Background: Necitumumab is a second-generation, recombinant, human immunoglobulin G1 EGFR antibody. In this study, we aimed to compare treatment with necitumumab plus gemcitabine and cisplatin versus gemcitabine and cisplatin alone in patients with previously untreated stage IV squamous non-small-cell lung cancer.
Methods: We did this open-label, randomised phase 3 study at 184 investigative sites in 26 countries. Patients aged 18 years or older with histologically or cytologically confirmed stage IV squamous non-small-cell lung cancer, with an Eastern Cooperative Oncology Group (ECOG) performance status of 0-2 and adequate organ function and who had not received previous chemotherapy for their disease were eligible for inclusion. Enrolled patients were randomly assigned centrally 1:1 to a maximum of six 3-week cycles of gemcitabine and cisplastin chemotherapy with or without necitumumab according to a block randomisation scheme (block size of four) by a telephone-based interactive voice response system or interactive web response system. Chemotherapy was gemcitabine 1250 mg/m(2) administered intravenously over 30 min on days 1 and 8 of a 3-week cycle and cisplatin 75 mg/m(2) administered intravenously over 120 min on day 1 of a 3-week cycle. Necitumumab 800 mg, administered intravenously over a minimum of 50 min on days 1 and 8, was continued after the end of chemotherapy until disease progression or intolerable toxic side-effects occurred. Randomisation was stratified by ECOG performance status and geographical region. Neither physicians nor patients were masked to group assignment because of the expected occurrence of acne-like rash--a class effect of EGFR antibodies--that would have unmasked most patients and investigators to treatment. The primary endpoint was overall survival, analysed by intention to treat. We report the final clinical analysis. This study is registered with ClinicalTrials.gov, number NCT00981058.
Findings: Between Jan 7, 2010, and Feb 22, 2012, we enrolled 1093 patients and randomly assigned them to receive necitumumab plus gemcitabine and cisplatin (n=545) or gemcitabine and cisplatin (n=548). Overall survival was significantly longer in the necitumumab plus gemcitabine and cisplatin group than in the gemcitabine and cisplatin alone group (median 11·5 months [95% CI 10·4-12·6]) vs 9·9 months [8·9-11·1]; stratified hazard ratio 0·84 [95% CI 0·74-0·96; p=0·01]). In the necitumumab plus gemcitabine and cisplatin group, the number of patients with at least one grade 3 or worse adverse event was higher (388 [72%] of 538 patients) than in the gemcitabine and cisplatin group (333 [62%] of 541), as was the incidence of serious adverse events (257 [48%] of 538 patients vs 203 [38%] of 541). More patients in the necitumumab plus gemcitabine and cisplatin group had grade 3-4 hypomagnesaemia (47 [9%] of 538 patients in the necitumumab plus gemcitabine and cisplatin group vs six [1%] of 541 in the gemcitabine and cisplatin group) and grade 3 rash (20 [4%] vs one [<1%]). Including events related to disease progression, adverse events with an outcome of death were reported for 66 (12%) of 538 patients in the necitumumab plus gemcitabine and cisplatin group and 57 (11%) of 541 patients in the gemcitabine and cisplatin group; these were deemed to be related to study drugs in 15 (3%) and ten (2%) patients, respectively. Overall, we found that the safety profile of necitumumab plus gemcitabine and cisplatin was acceptable and in line with expectations.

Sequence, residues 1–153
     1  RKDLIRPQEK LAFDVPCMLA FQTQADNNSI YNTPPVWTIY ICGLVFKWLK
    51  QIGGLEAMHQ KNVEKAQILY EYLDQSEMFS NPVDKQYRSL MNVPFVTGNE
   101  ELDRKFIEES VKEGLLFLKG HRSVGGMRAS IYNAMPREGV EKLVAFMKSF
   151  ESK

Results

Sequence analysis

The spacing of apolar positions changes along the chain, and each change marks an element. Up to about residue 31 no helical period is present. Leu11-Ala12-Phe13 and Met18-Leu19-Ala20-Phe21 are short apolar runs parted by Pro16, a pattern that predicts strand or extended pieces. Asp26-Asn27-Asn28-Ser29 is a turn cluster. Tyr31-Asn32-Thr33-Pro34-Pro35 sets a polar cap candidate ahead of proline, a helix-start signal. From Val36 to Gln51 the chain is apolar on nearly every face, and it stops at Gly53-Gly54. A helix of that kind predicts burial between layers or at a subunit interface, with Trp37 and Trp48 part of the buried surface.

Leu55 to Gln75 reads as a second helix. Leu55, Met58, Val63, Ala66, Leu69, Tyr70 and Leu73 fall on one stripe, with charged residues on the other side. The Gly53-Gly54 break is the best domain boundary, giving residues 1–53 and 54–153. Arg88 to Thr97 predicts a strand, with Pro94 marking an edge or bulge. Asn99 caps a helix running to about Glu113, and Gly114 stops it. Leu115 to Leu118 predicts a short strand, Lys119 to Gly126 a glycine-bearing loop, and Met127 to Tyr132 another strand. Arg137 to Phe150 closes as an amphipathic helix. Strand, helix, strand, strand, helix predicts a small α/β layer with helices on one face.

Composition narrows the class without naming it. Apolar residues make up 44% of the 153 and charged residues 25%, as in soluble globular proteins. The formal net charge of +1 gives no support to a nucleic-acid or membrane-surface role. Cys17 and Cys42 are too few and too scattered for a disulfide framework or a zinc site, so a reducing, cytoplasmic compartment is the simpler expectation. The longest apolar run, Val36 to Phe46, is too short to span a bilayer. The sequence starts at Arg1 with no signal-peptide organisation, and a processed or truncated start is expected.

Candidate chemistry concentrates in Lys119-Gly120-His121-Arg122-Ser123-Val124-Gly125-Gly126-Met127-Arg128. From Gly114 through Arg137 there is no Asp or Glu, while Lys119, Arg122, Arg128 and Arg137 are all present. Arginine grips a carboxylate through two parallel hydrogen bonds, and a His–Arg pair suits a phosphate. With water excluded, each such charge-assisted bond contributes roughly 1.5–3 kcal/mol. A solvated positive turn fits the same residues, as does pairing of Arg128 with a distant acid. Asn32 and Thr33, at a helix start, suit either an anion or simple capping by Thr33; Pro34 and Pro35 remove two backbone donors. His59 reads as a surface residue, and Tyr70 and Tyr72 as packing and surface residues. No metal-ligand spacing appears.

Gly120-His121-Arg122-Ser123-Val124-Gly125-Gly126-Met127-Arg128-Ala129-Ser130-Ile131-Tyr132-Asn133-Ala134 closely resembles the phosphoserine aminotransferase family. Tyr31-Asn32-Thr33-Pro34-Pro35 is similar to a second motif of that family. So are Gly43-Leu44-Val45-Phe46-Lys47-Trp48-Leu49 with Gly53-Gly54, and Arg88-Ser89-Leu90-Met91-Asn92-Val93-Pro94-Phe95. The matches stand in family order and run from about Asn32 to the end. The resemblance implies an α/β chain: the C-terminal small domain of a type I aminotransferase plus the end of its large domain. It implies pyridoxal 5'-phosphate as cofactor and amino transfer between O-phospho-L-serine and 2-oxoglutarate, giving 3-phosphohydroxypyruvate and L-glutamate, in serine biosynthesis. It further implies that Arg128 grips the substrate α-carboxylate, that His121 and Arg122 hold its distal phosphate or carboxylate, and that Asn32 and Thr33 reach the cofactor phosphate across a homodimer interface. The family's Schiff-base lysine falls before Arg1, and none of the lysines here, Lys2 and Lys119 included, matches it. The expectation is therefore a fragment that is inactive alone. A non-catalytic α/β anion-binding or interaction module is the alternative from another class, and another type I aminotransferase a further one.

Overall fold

Interpretation: Our findings show that the addition of necitumumab to gemcitabine and cisplatin chemotherapy improves overall survival in patients with advanced squamous non-small-cell lung cancer and represents a new first-line treatment option for this disease.
Funding: Eli Lilly and Company.
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